White Pines, Red Cedars Thrive in Vermont’s Abandoned Pastures

Published by the Vermont Community Newspaper Group in The Other Paper on November 23, 2022

Young white pine tree getting started in an abandoned cow pasture.

“Look there,” the retired sheep farmer said as he slowed down and pointed to a ledgy, overgrown hillside. “That’s what I was talking about – see the white pines and junipers?” We were driving along a back road a number of years ago as he was telling me the story of his dairy farming neighbor’s struggles, and how I could read some of the chapters of that story in the plants.

In years past, he told me, the scrubby hillside had once been open pasture that the dairy farmer had run all his cows and heifers in. The animals had kept the grass and other greenery well grazed, except for the prickly-leaved plants they avoided, like white pine tree saplings and juniper shrubs. What the cows didn’t eat, the farmer clipped out every year or two so they wouldn’t shade out any of the valuable grass. 

Juniper shrubs are very prickly so cows avoid eating them, and they survive in pastures if not clipped out.

But the dairy industry’s latest market pressures were pushing his neighbor to either size up or shut down his milking operation, and he finally decided to sell his cows. The pasture was empty. A second neighbor down the road, though, decided to size up and asked the farmer if he could lease the empty pasture for his heifers. The pasture was too far away from the other neighbor’s barn to walk the milking cows back and forth twice a day for milking, but the heifers that were too young to be milked could graze there without much trouble. The second neighbor would then be able to increase the number of milking cows on his own pasture once his heifers were moved.

The first neighbor agreed, and the heifers were brought down the road and happily grazed in the pasture that summer. Over the following years, the heifers continued to graze the grasses, although there were fewer of them than the cows that had been there previously. With no more pressure to maximize the grazing area, the regular clipping of the prickly-needled saplings ended.

Now that the pasture was undergrazed, the prickly tree and shrub seedlings got well established. The time came when the second neighbor decided to shut down, too, and the pasture no longer had any grazing farm animals. But the white pine trees the heifers hadn’t eaten had a head start on the other plants that started coming in as the pasture transitioned toward forest. 

This white pine tree got a head start on the other trees seeding in to an undergrazed pasture that was later abandoned.

After the sheep farmer clued me into this landscape history story, I started to look for this pattern in my other research projects. Where I could, I watched for pastures that were still being used, those being undergrazed, and those recently abandoned, and looked at the kinds of trees that were first coming in and their relative ages. At sites further along in their forest regrowth, I looked at aerial photos I could find from decades past to reconstruct the stages of their landscape histories.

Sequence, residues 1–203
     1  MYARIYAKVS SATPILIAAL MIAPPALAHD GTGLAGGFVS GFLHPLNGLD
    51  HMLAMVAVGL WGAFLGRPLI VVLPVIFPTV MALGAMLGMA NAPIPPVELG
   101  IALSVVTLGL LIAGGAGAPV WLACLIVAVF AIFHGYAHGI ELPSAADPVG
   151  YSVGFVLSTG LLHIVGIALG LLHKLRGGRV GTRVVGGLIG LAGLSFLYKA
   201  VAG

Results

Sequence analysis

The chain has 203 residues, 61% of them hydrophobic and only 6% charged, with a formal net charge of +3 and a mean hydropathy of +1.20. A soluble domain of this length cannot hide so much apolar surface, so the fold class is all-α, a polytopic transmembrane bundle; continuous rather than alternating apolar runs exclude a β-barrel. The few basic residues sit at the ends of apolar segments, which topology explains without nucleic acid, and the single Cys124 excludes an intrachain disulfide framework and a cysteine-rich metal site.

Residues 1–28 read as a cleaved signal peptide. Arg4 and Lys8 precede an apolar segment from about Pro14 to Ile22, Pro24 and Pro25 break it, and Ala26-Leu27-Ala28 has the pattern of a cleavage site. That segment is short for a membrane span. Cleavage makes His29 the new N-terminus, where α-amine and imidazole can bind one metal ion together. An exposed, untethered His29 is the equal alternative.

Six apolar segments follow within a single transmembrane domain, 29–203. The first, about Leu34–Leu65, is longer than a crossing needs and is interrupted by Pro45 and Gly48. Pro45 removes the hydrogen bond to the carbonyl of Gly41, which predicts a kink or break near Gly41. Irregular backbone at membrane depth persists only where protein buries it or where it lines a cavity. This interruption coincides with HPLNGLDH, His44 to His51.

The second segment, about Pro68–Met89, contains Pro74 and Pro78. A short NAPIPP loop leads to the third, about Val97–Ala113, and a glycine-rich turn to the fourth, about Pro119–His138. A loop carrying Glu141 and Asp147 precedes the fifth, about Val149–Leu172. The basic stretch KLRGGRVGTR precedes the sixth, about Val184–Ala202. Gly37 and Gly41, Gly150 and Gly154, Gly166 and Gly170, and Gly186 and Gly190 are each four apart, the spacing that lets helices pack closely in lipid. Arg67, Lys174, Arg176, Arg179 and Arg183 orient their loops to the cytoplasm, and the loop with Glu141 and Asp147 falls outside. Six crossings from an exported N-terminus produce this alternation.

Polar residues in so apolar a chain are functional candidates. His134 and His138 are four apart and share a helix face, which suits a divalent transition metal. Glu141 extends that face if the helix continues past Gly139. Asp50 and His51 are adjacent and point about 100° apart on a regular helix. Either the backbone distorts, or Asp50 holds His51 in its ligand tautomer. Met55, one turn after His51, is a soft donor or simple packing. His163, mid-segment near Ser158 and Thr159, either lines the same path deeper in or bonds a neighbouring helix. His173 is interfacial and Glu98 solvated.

I noticed that not all abandoned pastures went through an undergrazing stage, but those that did showed this pattern repeatedly: in the undergrazed pasture situations, the prickly white pines, especially, stood out above the goldenrod and other early meadow plants. The head start the white pines had over the poplars, birches and other early species that came in after grazing stopped is visible even many decades later. In the areas of the Champlain Valley with limy soils, red cedar trees were the ones getting the head start. The large white pines and the red cedar trees then became good clues for me to watch for.

Red cedar in the foreground and white pine in the distance in an abandoned pasture.

With this new focus, I also began to notice that other farmland uses, such as old corn fields and hay fields, often had somewhat different reforesting patterns than the old pastures. When I tuned into the subtler differences, I found I could also use those forest patterns as clues to reconstruct a more detailed history of the past farm land use on research sites. 

With 80% of the Vermont landscape having been cleared of forest in the late 1800s, and a significant percentage of that open land in pasture, there are lots of places where the pasture abandonment stories have played out. In Vermont, we are currently losing pasture land at a higher rate than other land uses. As dairy farming is transitioning to feeding cows inside year round now rather than pasturing them, the next chapter in pasture abandonment is being written.

During stick season, I find myself looking for the green foliage of the white pine trees and red cedars standing out against the mostly brown forests, and look for other signs of abandoned pasturing. When I find them, I also think about the generations of dairy farmers who’ve made difficult decisions about their land that can be read in patterns on the landscape decades later.

Copyright 2022 Jane Dorney